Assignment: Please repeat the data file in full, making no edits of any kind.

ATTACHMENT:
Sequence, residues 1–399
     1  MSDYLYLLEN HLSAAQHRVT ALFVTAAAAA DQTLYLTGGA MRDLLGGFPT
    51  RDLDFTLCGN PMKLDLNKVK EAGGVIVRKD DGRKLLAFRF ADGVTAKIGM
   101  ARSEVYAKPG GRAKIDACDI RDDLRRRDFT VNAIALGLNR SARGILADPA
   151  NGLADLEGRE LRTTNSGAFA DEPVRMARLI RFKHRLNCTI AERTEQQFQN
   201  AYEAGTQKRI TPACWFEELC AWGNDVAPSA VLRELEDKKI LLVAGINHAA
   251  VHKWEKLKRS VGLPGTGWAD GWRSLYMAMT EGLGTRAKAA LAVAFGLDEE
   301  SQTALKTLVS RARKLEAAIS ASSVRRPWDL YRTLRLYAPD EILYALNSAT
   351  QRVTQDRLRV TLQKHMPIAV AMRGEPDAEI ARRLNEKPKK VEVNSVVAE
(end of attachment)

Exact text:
Sequence, residues 1–399
     1  MSDYLYLLEN HLSAAQHRVT ALFVTAAAAA DQTLYLTGGA MRDLLGGFPT
    51  RDLDFTLCGN PMKLDLNKVK EAGGVIVRKD DGRKLLAFRF ADGVTAKIGM
   101  ARSEVYAKPG GRAKIDACDI RDDLRRRDFT VNAIALGLNR SARGILADPA
   151  NGLADLEGRE LRTTNSGAFA DEPVRMARLI RFKHRLNCTI AERTEQQFQN
   201  AYEAGTQKRI TPACWFEELC AWGNDVAPSA VLRELEDKKI LLVAGINHAA
   251  VHKWEKLKRS VGLPGTGWAD GWRSLYMAMT EGLGTRAKAA LAVAFGLDEE
   301  SQTALKTLVS RARKLEAAIS ASSVRRPWDL YRTLRLYAPD EILYALNSAT
   351  QRVTQDRLRV TLQKHMPIAV AMRGEPDAEI ARRLNEKPKK VEVNSVVAE